Motorists should have the expectation that other drivers are operating their vehicle responsibly, and that is especially true when it comes to large commercial trucks weighing in at 80,000 pounds. Fortunately, the Federal Motor Carrier Safety Administration (FMCSA) regulates the trucking industry and regularly requires companies to test drivers who would otherwise put other motorists at risk of a truck accident by operating their vehicle impaired by drugs or alcohol.
Last December, the FMCSA announced that it would maintain its 50 percent random drug testing rates through 2015, after the regulatory agency announced continuing high positive test rates for drugs and alcohol. According to the FMCSA, the decision was made in part due to controlled substance lab test results and testing surveys from 2012.
To put this announcement further into perspective, in 2012, the Department of Transportation reported over 97,000 positive tests from commercial vehicle drivers.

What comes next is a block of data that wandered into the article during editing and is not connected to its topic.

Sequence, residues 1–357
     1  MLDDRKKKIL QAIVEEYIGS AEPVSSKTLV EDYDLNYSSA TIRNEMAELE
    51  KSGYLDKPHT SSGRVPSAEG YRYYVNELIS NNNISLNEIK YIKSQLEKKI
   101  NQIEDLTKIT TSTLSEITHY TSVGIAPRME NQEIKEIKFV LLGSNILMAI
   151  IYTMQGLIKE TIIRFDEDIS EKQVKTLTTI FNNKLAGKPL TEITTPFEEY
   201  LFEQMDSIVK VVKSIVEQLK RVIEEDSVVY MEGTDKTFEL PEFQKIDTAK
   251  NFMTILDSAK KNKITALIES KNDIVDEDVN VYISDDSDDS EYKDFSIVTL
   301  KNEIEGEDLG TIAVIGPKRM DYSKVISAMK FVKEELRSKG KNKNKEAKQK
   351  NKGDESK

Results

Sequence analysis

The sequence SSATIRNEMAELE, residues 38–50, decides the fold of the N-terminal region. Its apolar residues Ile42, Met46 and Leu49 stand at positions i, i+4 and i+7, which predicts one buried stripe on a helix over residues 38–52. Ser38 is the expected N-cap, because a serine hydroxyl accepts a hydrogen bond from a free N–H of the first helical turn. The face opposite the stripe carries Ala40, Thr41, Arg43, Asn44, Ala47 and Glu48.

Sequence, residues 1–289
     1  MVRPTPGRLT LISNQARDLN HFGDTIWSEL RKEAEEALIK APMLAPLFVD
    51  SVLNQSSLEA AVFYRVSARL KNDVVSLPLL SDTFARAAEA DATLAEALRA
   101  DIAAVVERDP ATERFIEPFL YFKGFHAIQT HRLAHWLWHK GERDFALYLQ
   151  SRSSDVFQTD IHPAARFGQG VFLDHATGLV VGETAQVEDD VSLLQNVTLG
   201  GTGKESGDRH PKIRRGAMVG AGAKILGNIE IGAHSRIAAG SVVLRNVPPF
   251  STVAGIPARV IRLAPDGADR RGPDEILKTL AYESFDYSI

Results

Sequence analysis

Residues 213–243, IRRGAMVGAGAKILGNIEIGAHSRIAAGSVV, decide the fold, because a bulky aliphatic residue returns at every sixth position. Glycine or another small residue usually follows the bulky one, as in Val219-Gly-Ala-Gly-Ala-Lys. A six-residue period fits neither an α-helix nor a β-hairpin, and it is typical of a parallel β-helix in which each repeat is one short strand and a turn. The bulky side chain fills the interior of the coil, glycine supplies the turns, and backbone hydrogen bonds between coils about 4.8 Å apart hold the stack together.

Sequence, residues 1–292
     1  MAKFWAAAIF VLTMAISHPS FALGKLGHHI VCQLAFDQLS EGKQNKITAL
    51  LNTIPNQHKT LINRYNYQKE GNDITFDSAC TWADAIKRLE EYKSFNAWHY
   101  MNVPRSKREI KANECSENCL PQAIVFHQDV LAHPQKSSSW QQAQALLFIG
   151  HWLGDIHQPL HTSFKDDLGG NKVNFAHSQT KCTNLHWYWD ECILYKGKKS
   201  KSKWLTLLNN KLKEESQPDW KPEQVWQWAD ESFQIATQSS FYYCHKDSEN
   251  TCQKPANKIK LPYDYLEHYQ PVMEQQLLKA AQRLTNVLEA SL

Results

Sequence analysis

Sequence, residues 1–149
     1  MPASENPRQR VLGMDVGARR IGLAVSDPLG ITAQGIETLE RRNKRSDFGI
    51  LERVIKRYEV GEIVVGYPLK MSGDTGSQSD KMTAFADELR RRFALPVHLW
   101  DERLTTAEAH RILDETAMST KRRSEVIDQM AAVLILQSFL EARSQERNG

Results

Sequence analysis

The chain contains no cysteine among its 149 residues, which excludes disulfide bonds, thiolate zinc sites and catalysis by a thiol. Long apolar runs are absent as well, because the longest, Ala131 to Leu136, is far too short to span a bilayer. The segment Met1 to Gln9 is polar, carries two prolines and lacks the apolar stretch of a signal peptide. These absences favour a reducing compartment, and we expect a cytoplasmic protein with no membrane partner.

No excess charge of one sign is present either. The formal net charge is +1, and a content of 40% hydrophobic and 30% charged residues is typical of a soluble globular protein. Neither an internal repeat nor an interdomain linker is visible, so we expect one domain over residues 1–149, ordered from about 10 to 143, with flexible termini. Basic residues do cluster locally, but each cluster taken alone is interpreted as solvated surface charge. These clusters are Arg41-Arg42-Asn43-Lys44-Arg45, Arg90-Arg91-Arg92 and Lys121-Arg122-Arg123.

Do Regulations Keep Truck Drivers Sober?
Commercial drivers can be drug tested for reasons that include unannounced random testing, reasonable suspicion, before being hired, after an accident and upon returning from a leave of absence. The FMCSA tests for controlled substances, but drivers are also forbidden from drinking alcohol before their shift.
If commercial drivers have a blood alcohol content of above .04, they are considered as driving under the influence and can lose their commercial driver’s license. Fortunately, new FMCSA licensing procedures and databases can make it near impossible for commercial license holders with a history of driving under the influence to find another job in the industry.
Truck accidents are a devastating prospect for unsuspecting motorists, and we encourage survivors to contact Metier Law Firm and find out what options are available to them.
Metier Law Firm – Truck Accident Attorneys Serving Clients Nationwide